This is our last chance before the planning board vote to voice our support for this vital bicycle and pedestrian link. Please come show your support.
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Sunday, December 12 by silvia
Freehold is about to release a study by the New Jersey Department of Transportation about how to make the borough friendlier for bicyclists. But turning the study into reality is hardly a slam-dunk. Its supporters need our vocal support to help businesses overcome fears about cyclists on the sidewalk and bikes that aren’t locked to bike racks, among other things. (We say cyclists can bring in extra business, particularly if downtown is on a safe route to the Shore.) The key meeting is Monday, Dec. 20.
Read this email that the WWBPA received from John F. Newman, a Freehold councilman for the Springsteen connection and more:
About one year ago, I was elected as a councilman in Freehold Borough. One issue that immediately reared its head was an ordinance that was passed (before I was sworn in) which required bikes to be parked at bike racks in town, despite a dearth of bike racks.
I railed against this issue, and soon thereafter secured a NJ DOT grant to have a bike-ped study of the town. That study is about to be unveiled to the public for their review and comment, but I am learning of some opposition to the study, namely how it could affect the downtown.
I am reaching out to bicycle advocates so that they can assist me in garnering support to ATTEND the meeting and bring their views of the benefits of a bike-friendly community. Being in Freehold Borough, some items in the DOT study were to link the Henry Hudson Trail to the downtown, link the rest of the 1.9 square mile borough to the downtown, and linking the borough to points outside its boundaries, such as the Monmouth Battlefield and other nearby parks. Also, within town is proposed a bike path/trail. This will map out places of historic interest and a tour of Springsteen’s Freehold. Of course, the study also takes into account safety of bicyclists and pedestrians.
As noted, there is some resistance. I would appreciate it if you and your friends could help me by attending the December 20, 2010 meeting. The public portion starts at Freehold Borough Hall at 4:00 until 6:30; then the council meeting starts at 7:00 where a presentation will be made directly to the mayor and council.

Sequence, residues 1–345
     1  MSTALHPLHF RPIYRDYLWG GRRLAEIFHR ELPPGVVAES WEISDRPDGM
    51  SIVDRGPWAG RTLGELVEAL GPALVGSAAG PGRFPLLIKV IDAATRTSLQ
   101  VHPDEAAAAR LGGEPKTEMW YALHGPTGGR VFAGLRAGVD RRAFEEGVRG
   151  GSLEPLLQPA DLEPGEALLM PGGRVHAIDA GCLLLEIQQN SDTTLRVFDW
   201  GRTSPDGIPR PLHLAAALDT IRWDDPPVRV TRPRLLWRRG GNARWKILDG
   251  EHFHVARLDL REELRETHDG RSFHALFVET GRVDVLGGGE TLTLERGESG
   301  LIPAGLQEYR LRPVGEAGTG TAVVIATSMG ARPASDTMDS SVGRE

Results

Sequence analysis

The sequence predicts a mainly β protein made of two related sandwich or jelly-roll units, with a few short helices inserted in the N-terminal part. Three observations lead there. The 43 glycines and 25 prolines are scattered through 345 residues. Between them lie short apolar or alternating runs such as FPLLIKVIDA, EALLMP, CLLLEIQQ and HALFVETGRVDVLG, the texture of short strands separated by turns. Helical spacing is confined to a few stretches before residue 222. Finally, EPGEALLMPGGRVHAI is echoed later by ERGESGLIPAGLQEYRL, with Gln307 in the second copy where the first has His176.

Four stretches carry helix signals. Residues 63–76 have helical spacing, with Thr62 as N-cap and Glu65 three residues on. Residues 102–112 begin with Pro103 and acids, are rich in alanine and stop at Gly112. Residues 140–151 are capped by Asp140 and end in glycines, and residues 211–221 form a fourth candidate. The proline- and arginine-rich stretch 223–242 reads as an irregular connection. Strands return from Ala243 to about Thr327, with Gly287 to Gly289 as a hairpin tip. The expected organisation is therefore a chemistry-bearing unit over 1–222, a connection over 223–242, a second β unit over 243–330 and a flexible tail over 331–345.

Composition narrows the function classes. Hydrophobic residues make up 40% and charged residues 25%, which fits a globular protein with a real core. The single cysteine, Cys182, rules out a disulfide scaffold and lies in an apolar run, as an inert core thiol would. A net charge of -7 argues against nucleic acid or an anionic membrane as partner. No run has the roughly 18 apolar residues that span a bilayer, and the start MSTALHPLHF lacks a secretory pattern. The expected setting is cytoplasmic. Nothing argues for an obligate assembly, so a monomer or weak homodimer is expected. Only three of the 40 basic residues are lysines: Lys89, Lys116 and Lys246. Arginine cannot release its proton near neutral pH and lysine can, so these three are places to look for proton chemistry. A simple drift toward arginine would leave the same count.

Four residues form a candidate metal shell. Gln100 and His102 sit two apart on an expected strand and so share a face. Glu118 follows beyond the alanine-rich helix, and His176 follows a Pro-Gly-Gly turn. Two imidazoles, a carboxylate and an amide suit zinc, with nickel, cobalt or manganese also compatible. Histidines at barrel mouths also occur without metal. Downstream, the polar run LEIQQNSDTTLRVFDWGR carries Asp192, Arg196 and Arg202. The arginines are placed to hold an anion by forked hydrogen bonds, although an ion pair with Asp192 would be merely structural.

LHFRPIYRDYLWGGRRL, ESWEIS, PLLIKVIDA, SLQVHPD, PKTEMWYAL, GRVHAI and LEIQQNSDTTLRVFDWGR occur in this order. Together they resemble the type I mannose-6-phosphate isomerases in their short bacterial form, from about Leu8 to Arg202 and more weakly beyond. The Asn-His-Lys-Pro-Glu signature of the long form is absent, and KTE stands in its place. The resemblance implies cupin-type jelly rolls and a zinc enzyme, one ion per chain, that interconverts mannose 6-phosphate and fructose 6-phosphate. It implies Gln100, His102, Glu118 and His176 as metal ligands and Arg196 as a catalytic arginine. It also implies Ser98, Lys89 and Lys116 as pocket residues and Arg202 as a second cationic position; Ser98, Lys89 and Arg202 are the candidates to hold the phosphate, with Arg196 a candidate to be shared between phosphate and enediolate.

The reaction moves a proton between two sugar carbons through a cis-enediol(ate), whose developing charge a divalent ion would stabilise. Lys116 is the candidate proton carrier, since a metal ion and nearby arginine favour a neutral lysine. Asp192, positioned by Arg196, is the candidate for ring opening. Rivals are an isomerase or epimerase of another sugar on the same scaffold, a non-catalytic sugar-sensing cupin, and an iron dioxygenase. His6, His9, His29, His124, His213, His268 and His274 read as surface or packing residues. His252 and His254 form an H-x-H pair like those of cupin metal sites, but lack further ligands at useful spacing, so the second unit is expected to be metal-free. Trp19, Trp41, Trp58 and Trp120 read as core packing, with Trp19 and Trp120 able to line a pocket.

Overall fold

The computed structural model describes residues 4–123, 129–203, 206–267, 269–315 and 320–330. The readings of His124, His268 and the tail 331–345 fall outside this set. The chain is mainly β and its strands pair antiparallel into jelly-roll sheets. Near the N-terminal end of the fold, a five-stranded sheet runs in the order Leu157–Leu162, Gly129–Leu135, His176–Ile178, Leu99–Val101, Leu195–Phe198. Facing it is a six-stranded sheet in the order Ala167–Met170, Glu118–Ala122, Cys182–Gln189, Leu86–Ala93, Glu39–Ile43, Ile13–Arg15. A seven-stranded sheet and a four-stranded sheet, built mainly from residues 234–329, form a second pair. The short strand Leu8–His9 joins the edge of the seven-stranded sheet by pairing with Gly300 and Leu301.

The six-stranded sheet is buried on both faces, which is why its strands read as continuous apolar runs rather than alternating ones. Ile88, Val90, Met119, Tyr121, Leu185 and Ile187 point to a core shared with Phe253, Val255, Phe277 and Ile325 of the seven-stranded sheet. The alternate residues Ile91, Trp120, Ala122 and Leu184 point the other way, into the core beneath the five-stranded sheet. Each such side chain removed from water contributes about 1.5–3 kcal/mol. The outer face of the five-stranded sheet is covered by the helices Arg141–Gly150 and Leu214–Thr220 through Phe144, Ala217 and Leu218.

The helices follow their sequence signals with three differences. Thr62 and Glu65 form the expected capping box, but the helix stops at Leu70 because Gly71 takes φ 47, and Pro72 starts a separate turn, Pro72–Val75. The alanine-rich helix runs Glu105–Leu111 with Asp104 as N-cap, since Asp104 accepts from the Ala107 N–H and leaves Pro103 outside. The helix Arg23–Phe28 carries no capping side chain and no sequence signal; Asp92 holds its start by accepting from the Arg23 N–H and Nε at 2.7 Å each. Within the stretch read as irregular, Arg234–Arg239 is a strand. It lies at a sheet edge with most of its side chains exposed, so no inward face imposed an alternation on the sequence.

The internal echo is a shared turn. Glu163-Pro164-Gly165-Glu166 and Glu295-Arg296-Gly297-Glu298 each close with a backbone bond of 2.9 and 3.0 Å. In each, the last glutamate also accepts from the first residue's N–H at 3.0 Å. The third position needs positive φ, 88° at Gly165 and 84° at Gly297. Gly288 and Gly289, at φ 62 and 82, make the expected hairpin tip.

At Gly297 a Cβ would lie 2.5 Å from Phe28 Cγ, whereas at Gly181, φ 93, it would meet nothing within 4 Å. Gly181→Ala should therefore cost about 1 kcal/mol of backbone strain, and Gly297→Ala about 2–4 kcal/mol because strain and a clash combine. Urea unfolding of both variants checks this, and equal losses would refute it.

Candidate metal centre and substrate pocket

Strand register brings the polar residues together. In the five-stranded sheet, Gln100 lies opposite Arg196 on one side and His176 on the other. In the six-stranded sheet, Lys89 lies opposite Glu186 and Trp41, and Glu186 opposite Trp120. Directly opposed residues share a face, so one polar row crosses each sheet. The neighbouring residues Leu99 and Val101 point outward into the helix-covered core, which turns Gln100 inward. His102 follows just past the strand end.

Your support and input will be greatly appreciated as well as your comments on the beneficial aspects bike-friendly communities – the concept still has to be sold.
You can read more about what Freehold has been doing on WalkBikeJersey
. The state also has mapped a route that goes through Monmouth Battlefield.
And did you know this about Freehold’s role in bicycling history? Cycling champion Arthur Augustus Zimmerman resided in the town during his racing career in the 1880s and 1890s, and from 1896-1899 operated the Zimmerman Bicycle Co.; the company’s bicycles were known as the “Zimmy.” Today, Freehold Borough is home to the Metz Bicycle Museum, where the only extant “Zimmy” can be seen.
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Saturday, December 11 by silvia
A small number of bicycle lockers are available for rent at the Princeton Junction train station. These lockers are on the westbound side, along the Dinky tracks. Cost is $90 per year, payable every six months. The lockers are administered by Greater Mercer Transportation Management Association, 609-452-1491.
Lockers and bike racks were added this year in a project jointly funded by the WWBPA, GMTMA, BikeFest and West Windsor Parking Authority, with racks and lockers supplied by New Jersey Transit and with installation assistance from West Windsor’s public works department.
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Friday, December 10 by sandy
In 2009, 27% of fatal crashes in New Jersey involved pedestrians.
Since 1999, New Jersey pedestrian fatalities have remained steady at about 150/year.
Since 2005, pedestrian injuries have ranged between about 5,000 and 6,000 statewide.
In Mercer County, 171 people were injured in 2009.
These are some statistics from a presentation by Gary Poedubicky, Acting Director of the NJ Division of Highway Traffic Safety, to the New Jersey State League of Municipalities in November 2010.
And here are more:
- Most pedestrian fatalities occur away from intersections, on roadways without crosswalks.
- Approximately 40% of fatalities occur between 3:00 p.m. and 7:00 p.m.
- Most pedestrian fatalities occur in urban areas.
- More than two-thirds of 2009 pedestrian fatalities were male.
Both pedestrians and motorists must do their part to keep pedestrians safe. NJ law now mandates that motor vehicles stop and stay stopped for pedestrians in the crosswalk and at intersections. As well, pedestrians must take “due care,” and yield the right of way when not in a crosswalk.